Evidence-based clinical practice guidelines on management of pain in older people

Aza Abdulla, Margaret Bone, Nicola Adams, Alison M. Elliott, Derek Jones, Roger Knaggs, Dennis Martin, Elizabeth L. Sampson, Patricia Schofield

Research output: Contribution to journalArticle

34 Citations (Scopus)

Abstract

Pain in older people is not only under-recognised, but is also under-treated. Many professional bodies have documented that pain in this rapidly growing population is poorly controlled [1–7]. This may be related to attitudes and beliefs held by older people, which in turn affects their reporting of pain [8] but also due to misconceptions and educational deficits by health professionals [9, 10]. Treatment when prescribed is often limited to basic medication seldom tailored to the individual [11–14]. There is also a general failure by professionals to consider alternative pain relief options [2]. No doubt more needs to done and national guidance on the management of pain in older people is long overdue.

Older people are different; the bio-physiological changes that occur with ageing, the accumulation of co-morbidities and co-prescription of medication, frailty and psychosocial changes make older people rather unique when considering treatment modalities for pain control.

The British Geriatric Society and British Pain Society have collaborated to produce the first UK guideline on the management of pain in older people. The recommendations follow an extensive systematic review of the available literature and will help health professionals consider the options available when managing pain in older patients.

The guideline has been categorised into sections dealing with pharmacology, interventional therapies, psychological interventions, physical activity and assistive devices and complementary therapies. This article provides a summary of the recommendations. The full guideline is available in the supplement accompanying this issue of the journal.
Original languageEnglish
Pages (from-to)151-153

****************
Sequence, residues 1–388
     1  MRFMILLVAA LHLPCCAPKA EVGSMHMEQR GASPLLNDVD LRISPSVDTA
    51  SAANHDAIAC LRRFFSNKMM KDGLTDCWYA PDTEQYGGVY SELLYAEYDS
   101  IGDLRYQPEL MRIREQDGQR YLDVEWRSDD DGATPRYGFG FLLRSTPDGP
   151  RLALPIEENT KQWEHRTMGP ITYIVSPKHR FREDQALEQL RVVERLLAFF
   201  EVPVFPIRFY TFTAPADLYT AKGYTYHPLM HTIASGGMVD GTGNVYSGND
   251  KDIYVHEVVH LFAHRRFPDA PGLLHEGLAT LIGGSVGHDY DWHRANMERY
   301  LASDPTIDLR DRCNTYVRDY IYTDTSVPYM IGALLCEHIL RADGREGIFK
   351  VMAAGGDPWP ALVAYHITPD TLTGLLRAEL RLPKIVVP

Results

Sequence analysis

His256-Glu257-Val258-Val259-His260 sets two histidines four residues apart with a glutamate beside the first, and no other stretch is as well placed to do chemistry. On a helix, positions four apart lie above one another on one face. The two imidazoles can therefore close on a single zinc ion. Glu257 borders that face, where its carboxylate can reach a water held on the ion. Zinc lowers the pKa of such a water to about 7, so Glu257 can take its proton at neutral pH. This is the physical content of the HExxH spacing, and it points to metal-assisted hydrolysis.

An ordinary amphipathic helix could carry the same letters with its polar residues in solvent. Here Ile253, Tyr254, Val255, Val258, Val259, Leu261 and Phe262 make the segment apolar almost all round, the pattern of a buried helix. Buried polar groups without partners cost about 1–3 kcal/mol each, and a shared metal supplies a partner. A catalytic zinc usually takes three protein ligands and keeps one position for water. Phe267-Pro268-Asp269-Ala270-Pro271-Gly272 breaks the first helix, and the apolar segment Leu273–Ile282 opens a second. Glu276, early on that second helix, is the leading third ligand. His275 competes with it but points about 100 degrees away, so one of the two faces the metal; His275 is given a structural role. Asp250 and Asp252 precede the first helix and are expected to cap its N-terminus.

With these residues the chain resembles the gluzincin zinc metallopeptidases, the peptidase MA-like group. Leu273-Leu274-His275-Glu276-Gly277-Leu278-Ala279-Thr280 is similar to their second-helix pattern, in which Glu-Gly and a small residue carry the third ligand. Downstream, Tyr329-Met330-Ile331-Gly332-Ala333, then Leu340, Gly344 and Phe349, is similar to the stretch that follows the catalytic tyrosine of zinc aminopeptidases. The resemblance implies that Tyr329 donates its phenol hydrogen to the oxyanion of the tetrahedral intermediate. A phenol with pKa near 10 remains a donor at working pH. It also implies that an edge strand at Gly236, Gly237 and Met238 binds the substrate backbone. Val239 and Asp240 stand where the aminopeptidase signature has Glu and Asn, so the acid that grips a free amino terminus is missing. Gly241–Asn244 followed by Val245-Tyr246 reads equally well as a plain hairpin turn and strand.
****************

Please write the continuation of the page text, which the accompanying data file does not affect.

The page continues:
Number of pages3
JournalAge and Ageing
Volume42
Issue number2
Early online date18 Jan 2013
DOIs
Publication statusPublished - Mar 2013

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Evidence-Based Practice
Pain Management
Practice Guidelines
Pain
Guidelines
Self-Help Devices
Health
Complementary Therapies
Geriatrics
Prescriptions
Therapeutics
Pharmacology
Exercise
Psychology
Morbidity
Population

Cite this

Abdulla, A., Bone, M., Adams, N., Elliott, A. M., Jones, D., Knaggs, R., ... Schofield, P. (2013). Evidence-based clinical practice guidelines on management of pain in older people. Age and Ageing, 42(2), 151-153. https://doi.org/10.1093/ageing/afs199

Evidence-based clinical practice guidelines on management of pain in older people. / Abdulla, Aza; Bone, Margaret; Adams, Nicola; Elliott, Alison M.; Jones, Derek; Knaggs, Roger ; Martin, Dennis; Sampson, Elizabeth L.; Schofield, Patricia.

In: Age and Ageing, Vol. 42, No. 2, 03.2013, p. 151-153.

Research output: Contribution to journalArticle

Abdulla, A, Bone, M, Adams, N, Elliott, AM, Jones, D, Knaggs, R, Martin, D, Sampson, EL & Schofield, P 2013, 'Evidence-based clinical practice guidelines on management of pain in older people', Age and Ageing, vol. 42, no. 2, pp. 151-153. https://doi.org/10.1093/ageing/afs199
Abdulla A, Bone M, Adams N, Elliott AM, Jones D, Knaggs R et al. Evidence-based clinical practice guidelines on management of pain in older people. Age and Ageing. 2013 Mar;42(2):151-153. https://doi.org/10.1093/ageing/afs199
Abdulla, Aza ; Bone, Margaret ; Adams, Nicola ; Elliott, Alison M. ; Jones, Derek ; Knaggs, Roger ; Martin, Dennis ; Sampson, Elizabeth L. ; Schofield, Patricia. / Evidence-based clinical practice guidelines on management of pain in older people. In: Age and Ageing. 2013 ; Vol. 42, No. 2. pp. 151-153.
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